Another trick that works is to use weed-whacker line. It's essentially really thick monofilament and it turns corners better than fish tape. I've used a lot of it on my boat to pull wires.

  • Heavy fishing line might or might not also work; same idea.
    – keshlam
    Commented Oct 3, 2016 at 0:38
  • PTFE-insulate wire as well.
    – Chris H
    Commented Oct 3, 2016 at 13:03

In the past I have used

  • micro RC cars - tie the string to the body and drive.
  • hexbugs - (A hexbug is a small oscillating, buzzing "robot". The oscillation in combination with its flexible rubber legs makes it move.) tie a string to it (lightweight monofilament) and go for a cup of tea, come back when the bug has gone through the conduit
  • magnets - one tied to the end of the string one outside the wall to pull it through the pipe, doesn't work so well on ferrous pipes :D
  • hoover with a bag and string - as described above
  • small fishing float - tied to a light line, close the "bottom" end of the pipe, flood it and watch the float come up voila pipe traversed.
  • leaf blower and bag and string - similar to the vacuum, more fun to do though, and seems to develop more pressure for pushing the bag.
  • bearded dragon - put him in one end, release live food at the other and off he goes.....just remember to tie a light string to a harness or its basically just a fun run for your lizard! (guilty!)

Hopefully some of these can help you, maybe not the bearded dragon for that size of pipe though.

  • 1
    Suction is limited to 1 atmosphere (which cannot be realized), while pressure is not. Same problem as pumping water up out of coal mines: pushing works better than pulling.
    – Yakk
    Commented Oct 4, 2016 at 13:15
  • Thanks, never looked at why the leafblower was so good, but that certainly explains it:) I have tried industrial vacuum generators, with the sometimes funny side effect of collapsing the piping (not so funny when it has to be replaced, but makes the walls look rather cool:)
    – GMasucci
    Commented Oct 4, 2016 at 13:25
  • @GMasucci : gecko. Have you ever tried a gecko? Of course that animal is nocturnal, so you'll have to tie the string, put him in, and he'll hide in the pipe until nightfall. Come out at night with a flashlight and grab him....
    – Bryce
    Commented Oct 4, 2016 at 15:12
  • Lol not tried a gecko, though they can climb on just about any surface so might be worth a go, and I get a new pet out of it:)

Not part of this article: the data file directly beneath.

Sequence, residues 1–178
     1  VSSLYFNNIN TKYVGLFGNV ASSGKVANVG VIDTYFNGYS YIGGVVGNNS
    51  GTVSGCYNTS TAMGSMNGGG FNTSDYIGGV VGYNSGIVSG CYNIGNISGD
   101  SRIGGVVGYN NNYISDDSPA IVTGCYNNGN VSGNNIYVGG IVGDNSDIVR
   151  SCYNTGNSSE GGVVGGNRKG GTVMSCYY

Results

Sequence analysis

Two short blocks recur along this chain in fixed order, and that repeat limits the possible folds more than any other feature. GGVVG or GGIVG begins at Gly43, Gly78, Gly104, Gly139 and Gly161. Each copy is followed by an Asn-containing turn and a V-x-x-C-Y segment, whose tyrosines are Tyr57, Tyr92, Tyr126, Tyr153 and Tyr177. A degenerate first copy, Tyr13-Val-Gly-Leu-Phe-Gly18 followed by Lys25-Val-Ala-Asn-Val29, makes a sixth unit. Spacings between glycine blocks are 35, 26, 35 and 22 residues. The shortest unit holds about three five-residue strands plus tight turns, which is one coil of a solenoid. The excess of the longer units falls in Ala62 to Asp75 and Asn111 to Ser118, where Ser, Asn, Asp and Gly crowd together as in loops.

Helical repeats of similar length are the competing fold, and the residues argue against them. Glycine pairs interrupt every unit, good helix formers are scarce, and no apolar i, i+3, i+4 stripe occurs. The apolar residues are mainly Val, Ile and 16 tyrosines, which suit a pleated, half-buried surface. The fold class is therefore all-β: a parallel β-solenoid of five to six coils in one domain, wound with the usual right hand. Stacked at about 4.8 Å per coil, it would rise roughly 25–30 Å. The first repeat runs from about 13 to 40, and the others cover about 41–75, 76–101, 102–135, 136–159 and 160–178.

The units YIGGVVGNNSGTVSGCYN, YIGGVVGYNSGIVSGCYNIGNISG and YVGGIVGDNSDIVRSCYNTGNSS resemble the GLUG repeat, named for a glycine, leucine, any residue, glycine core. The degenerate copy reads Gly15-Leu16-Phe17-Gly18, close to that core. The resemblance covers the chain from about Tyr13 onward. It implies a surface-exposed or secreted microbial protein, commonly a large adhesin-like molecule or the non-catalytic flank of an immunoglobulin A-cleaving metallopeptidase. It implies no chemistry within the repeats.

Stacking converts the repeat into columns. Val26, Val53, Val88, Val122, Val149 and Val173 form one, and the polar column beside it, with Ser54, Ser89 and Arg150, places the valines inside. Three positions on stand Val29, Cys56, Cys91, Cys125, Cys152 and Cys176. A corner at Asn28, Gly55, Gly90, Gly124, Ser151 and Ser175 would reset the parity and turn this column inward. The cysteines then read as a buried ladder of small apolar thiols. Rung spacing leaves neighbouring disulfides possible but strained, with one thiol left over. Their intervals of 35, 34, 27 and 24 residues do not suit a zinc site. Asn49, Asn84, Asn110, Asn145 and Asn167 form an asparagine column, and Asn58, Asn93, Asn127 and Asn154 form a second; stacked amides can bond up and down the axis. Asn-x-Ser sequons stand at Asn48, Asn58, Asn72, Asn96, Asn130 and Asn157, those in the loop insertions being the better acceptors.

– GMasucci
    Commented Oct 7, 2016 at 13:48

We just pulled 3 THHN-2 gage 2 (two power one neutral) and one THHN-2 gage 6 for ground through about 25 feet with two wide angle 90's (normal 90 degree but not abrupt) and one 45 degree. Luckily we put all the bells in the same direction. Even the wire would not go one way. We tried putting the fish wire in the other way and the pulling no luck even on the first 90 degree. All the bells were going one way so we were lucky. Then we put the fish wire the way it would go (easy way) and pulled a small nylon rope through. Then we did not use the fish wire again and used the thin nylon rope and pulled on the "easy" way. Went at about 2-3" per pull no problem. So there is an easy way to pull and an impossible way. The easiest way you get the fish wire though is the easiest for the wires as well. so you need to put fish wire through easiest way, then pull the rope though, then tie the rope with electric tape, then pull the way you got your original fish wire (easy way) through. At least that worked for us.


Had a vertical drop on an HVAC oval return duct with an S curve that had a 2 foot horizontal run. I used a real fishing pole and put a tiny fishing hook into a ping pong ball. I gave the line plenty of slack and dropped the ball in. After a few tries, it bounced through the S curve. I then used the fishing line to pull through a stronger small rope. I then used the stronger rope to pull the wire.


I use a rodding spring line aka drain cleaning cable that I use to unblock pipes to thread cables.


Here's your guide to lulling long runs. We typically do 150m plus runs in 100mm PVC, you have to tie string loops to one fish tape and feed in as far as you can. Then from the other side of the conduit you tie a hook end to your fish tape, and feed it in till you hook it up to the other one. Then just pull back and you're done. This saved us tons on these long runs. We use coat hanger wire to make hooks with.

Your Answer

By clicking “Post Your Answer”, you agree to our terms of service and acknowledge you have read our privacy policy.

Not the answer you're looking for? Browse other questions tagged or ask your own question.